Progress in 2015

1) Preliminary results are consistent with the hypothesis that the hyaluronan-binding proteoglycan versican is the component of vitreous that enhances adenoviral-mediated transgene expression. 2) Preliminary data shows that when expression of the protein SKAP2 is decreased, the proliferation of Rb cells increases. 3) Dr. Hurwitz has found that inhibition of Src kinase activity in vitro can decrease the amount of viral vector necessary to kill retinoblastoma cells.

Progress in 2014

1) Dr. Hurwitz has previously reported that hyaluronan (HA), a major component of vitreous, enhances adenoviral-mediated transgene expression through interactions with its receptor CD44. Dr. Hurwitz is currently exploring whether versican, a complex protein, can explain the hyaluronan-CD44 interaction that he has previously observed. 2) Dr. Hurwitz has isolated approximately 30 primary cell lines from children who presented with Rb, and he has determined the exact RB1 mutations that resulted in their disease for most of these children. 3) Dr. Hurwitz determined the dose of vector that achieved 50% killing of the tumor cells.

Progress in 2013

Dr. Hurwitz has completed the first clinical trial that used suicide gene therapy (a method of forcing the tumor cells to produce a protein that converts a drug to a locally toxic agent) to treat children with advanced Rb. The successful reduction of vitreous seeds has encouraged him to continue his laboratory initiatives to improve this innovative therapy. Additionally, he would like to better understand the differences between invasive and non-invasive tumors and to identify and characterize the Rb tumor stem cell. Dr. Hurwitz is also interested in developing gene therapy options for retinal degenerative disorders such as Stargardt Disease. His strategy for either application of gene therapy uses a special nonpathogenic virus to deliver the correct genetic material to selected cells in the eye.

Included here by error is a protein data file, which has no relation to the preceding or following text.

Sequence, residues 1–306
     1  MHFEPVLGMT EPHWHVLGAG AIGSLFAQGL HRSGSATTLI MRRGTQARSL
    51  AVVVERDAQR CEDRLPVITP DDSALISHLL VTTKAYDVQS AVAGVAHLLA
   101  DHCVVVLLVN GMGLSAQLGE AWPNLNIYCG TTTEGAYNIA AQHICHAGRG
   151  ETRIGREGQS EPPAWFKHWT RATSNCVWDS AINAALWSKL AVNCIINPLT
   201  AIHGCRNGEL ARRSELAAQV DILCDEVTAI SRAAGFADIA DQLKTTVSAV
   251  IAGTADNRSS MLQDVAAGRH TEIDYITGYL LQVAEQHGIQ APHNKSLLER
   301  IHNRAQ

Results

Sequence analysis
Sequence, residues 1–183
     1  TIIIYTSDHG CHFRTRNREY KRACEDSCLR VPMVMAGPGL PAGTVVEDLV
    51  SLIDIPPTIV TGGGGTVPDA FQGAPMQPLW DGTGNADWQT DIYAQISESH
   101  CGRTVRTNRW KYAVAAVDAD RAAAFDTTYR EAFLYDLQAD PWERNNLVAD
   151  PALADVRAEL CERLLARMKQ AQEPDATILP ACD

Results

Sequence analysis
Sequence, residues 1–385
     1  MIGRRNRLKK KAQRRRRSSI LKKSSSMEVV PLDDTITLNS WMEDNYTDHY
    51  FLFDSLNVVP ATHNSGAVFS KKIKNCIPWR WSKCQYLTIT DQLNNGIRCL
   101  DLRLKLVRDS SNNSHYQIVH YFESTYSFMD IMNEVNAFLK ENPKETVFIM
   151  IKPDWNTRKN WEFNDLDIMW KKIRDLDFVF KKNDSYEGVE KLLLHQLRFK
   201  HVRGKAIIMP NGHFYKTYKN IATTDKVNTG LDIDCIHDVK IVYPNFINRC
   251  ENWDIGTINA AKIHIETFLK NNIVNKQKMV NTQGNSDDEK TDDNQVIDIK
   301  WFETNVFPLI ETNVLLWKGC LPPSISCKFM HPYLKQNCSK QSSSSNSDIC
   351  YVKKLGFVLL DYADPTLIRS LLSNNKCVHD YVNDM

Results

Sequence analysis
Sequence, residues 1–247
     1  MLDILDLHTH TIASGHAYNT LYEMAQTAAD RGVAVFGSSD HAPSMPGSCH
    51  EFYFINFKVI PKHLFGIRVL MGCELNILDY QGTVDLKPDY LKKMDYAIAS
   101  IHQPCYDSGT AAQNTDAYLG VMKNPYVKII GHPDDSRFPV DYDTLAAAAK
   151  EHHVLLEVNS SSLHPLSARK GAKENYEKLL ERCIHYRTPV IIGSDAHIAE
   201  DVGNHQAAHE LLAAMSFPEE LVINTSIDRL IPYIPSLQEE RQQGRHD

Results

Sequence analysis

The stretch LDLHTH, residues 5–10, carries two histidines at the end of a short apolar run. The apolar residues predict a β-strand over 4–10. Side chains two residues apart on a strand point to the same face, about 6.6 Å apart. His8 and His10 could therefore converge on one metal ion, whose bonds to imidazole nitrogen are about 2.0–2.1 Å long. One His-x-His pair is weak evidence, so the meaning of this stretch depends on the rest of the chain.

Progress in 2012

Dr. Hurwitz has completed the first clinical trial that used suicide gene therapy (a method of forcing the tumor cells to produce a protein that converts a drug to an agent that is toxic to the tumor cells) to treat children with advanced Rb and the successful results have encouraged him to continue his laboratory initiatives to improve this innovative therapy.

Retinoblastoma (Rb), an ocular cancer that affects young children, can be caused either by spontaneous growth of a tumor in one eye or by an inherited mutation that often causes tumors in both eyes. Removal of the eye with the tumor is often curative, but ophthalmologists are opting for laser, cryo- or radiation therapies to control small local tumors or systemic chemotherapy to control larger tumors with the goal of saving vision. However, children treated with chemotherapy or radiation therapy have a significantly increased risk of developing other types of cancer later in life.

Some disorders that cause retinal degeneration and blindness such as Stargardt Disease are also associated with errors in genetic material. These defects are manifest in the abnormal structure or function of proteins responsible for normal vision. If the mutation(s) in the affected gene is known, replacing the defective gene with a normally functioning gene could slow or even halt the degeneration.